Egypt is training Afghan rebels in guerrilla warfare and plans to arm them and send them back to Afghanistan to combat Soviet intervention forces, the Egyptian defense minister disclosed today.
The Egyptian assistance, announced by Gen. Kamal Hassan Ali at a news conference, underscores President Anway Sadat's growing willingness to play an active role in U.S.-led security cooperation against Soviet moves in the Middle East and South Asia.
It fits into an increasingly well-defined pattern of Egyptian eagerness to help pro-Western forces in these regions as well as in Africa, combined with an expanding U.S. commitment to outfit the outdated Egyptian military machine for Sadat's regional ambitions.
"It is time to look around us," Ali said, mentioning the end of Egypt's 30-year state of war with Israel and the change this has effected in Egypt's defense needs.
Ali refused to reveal the number of Afghans being trained on Egyptian bases or what kind of arms they are being taught to use. Analysts in Cairo expressed belief that only a limited number of rebels are involved.
Weapons likely to be useful and practical in Afghanistan include rocket-propelled grenade launchers, recoilless rifles and shoulder-fired antiaircraft missles such as the Soviet-made SAM7 that Egypt possesses in abundance, they said.
In addition, the rebels have urged friendly nations to ship them modern rifles and ammunition. Particularly prized is the Soviet-designed AK47 assault rifle, which is the main Egyptian infantry weapon and for which Egypt manufactures its own ammunition.
Even in large quantities, however, such weapons are unlikely to change the overwhelming superiority enjoyed by the estimated 90,000 Soviet troops in Afghanistan matched against disorganized and ill-equipped bands of rebels.
But aside from its practical import, Egypt's help to the rebels dramatizes the new perspective Sadat has adopted in viewing Egypt's military needs and the sources of danger facing Egypt now that peace with Israel is a reality.
Asked to enumerate the dangers that led Egypt to seek modernization of its Army, Ali pointed to Soviet-influenced South Yemen, to the pro-Soviet government of Ethiopia on the Horn of Africa and to the current Soviet intervention in Afghanistan. He said Egypt needs sophisticated weaponry to meet these threats and, once again underlining Egypt's new vocation as a regional force, added:
"Thus Egypt will be able to defend its own territory and also any other Arab country when this support is needed and when this support is asked for."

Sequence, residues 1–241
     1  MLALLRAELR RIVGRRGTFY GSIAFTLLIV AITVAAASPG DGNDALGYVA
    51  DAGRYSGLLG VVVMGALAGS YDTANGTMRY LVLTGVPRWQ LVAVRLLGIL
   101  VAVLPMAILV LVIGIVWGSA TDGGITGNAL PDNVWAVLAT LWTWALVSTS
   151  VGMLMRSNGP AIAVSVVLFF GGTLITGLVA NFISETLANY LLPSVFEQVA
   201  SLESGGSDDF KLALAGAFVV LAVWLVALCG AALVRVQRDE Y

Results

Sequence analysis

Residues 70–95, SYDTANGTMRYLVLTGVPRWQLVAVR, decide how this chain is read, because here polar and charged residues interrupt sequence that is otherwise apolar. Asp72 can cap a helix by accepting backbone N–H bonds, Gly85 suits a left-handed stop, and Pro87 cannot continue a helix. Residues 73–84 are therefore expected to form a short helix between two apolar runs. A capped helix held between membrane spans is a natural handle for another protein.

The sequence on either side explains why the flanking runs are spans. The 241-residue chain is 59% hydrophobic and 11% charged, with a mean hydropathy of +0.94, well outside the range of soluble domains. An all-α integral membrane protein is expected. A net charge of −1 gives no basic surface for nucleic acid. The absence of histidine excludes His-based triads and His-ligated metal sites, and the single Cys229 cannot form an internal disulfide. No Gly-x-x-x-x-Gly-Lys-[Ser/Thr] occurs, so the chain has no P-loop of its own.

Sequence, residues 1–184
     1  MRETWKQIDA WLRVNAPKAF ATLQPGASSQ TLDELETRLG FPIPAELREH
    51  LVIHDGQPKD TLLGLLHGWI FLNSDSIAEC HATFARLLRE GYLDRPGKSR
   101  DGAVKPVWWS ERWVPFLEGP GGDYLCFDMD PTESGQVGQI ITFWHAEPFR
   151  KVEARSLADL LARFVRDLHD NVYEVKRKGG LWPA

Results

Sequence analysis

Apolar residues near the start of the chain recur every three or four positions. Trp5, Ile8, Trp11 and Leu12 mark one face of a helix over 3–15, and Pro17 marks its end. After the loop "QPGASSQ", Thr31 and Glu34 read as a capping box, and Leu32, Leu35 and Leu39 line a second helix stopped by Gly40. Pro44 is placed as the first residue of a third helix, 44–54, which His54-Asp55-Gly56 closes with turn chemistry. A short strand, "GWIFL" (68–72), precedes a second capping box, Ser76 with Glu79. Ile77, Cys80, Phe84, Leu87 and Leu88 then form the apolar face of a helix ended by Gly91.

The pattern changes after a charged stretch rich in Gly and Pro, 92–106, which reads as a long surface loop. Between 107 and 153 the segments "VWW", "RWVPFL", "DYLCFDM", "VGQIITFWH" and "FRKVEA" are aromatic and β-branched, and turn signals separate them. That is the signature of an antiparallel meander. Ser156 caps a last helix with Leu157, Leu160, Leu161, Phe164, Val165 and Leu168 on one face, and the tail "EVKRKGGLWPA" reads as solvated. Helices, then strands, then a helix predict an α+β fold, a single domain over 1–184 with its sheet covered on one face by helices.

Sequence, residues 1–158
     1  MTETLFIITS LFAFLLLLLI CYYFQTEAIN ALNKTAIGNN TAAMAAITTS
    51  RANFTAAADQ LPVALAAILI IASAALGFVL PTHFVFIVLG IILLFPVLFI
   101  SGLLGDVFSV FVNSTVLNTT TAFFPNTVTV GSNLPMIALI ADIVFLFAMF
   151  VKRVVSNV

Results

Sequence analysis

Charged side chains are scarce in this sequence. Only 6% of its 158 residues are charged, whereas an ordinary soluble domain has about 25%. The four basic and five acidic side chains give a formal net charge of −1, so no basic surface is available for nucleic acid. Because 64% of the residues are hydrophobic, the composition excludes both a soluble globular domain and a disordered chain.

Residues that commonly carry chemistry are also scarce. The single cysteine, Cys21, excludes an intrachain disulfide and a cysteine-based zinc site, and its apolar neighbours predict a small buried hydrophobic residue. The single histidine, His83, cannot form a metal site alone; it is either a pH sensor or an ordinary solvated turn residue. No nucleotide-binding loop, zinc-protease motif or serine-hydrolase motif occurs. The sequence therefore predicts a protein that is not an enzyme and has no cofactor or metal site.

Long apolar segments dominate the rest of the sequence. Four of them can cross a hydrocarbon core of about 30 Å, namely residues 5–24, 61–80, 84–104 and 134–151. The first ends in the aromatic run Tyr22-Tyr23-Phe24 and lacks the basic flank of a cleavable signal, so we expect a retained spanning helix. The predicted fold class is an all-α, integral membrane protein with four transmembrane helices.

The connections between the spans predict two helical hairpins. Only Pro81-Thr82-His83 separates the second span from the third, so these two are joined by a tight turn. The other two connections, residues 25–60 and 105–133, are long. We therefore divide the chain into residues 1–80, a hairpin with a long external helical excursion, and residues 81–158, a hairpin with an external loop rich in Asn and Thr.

Sadat's government expressed willingness to train Afghan rebels during his summit meeting with Prime Minister Menachem Begin of Israel at Aswan, upper Egypt, in the second week of January. Ali's remarks, however, marked the first disclosure that rebels actually are receiving training and that they will be armed and returned to Afghanistan.
He did not say how the rebels would be returned to Afghanistan. Since Egypt does not have good relations with Iran, which borders Afghanistan on the west, the likeliest reentry route appeared to be through Pakistan.
Other, similar gestures made by Sadat recently include arms and ammunition for King Hassan II of Morocco for use against Polisario guerrillas fighting for the independence of the Western Sahara and an agreement with Zaire for officer training, arms and ammunition for President Mobutu Sese Seko's forces. In addition, Egyptian and U.S. Air Force personnel cooperated recently in joint training exercises in which two U.S. radar planes used Egyptian air bases.
In return, Egypt clearly expects the United States to update the worn Egyptian military machine. Washington already has agreed to provide $1.5 billion in military aid as part of the peace treaty deal and is asking Congress for an additional $1.1 billion over the next three years.
This is to include M60 tanks and F16 jet fighters and, and Ali indicated today, possibly F15s as well. Egypt already has received a small number of F4 Phantoms and is negotiating for licenses from U.S. firms to manufacture the less sophisticated F5.
"We estimate that within a year we will be able to get a license to manufacture the F5," Ali said.
This would help provide revitalization for the Arab Organization for Industrialization, a Saudi-financed arms manufacturing group whose backing was withdrawn because of Saudi anger over the peace treaty with Israel. Several U.S. Defense Department envoys have visited AOI factories here during negotiations over Egypt's bid to build the F5.
Ali indicated Egypt would like to receive from the United States an open-ended commitment for complete modernization of the Egyptian armed forces. At the same time, he made it clear the United States is insisting on a more limited commitment, or at least one with a timetable attached to it.
"We will have to make a compromise on the two ideas," he said.
A high Defense Department official is expected here next week for further negotiations on the Egyptian requests, including the search for F15s as well as F16s.
"Hopefully, we'll get both of them," Ali said. "Let us hope that the Congress will approve both of them."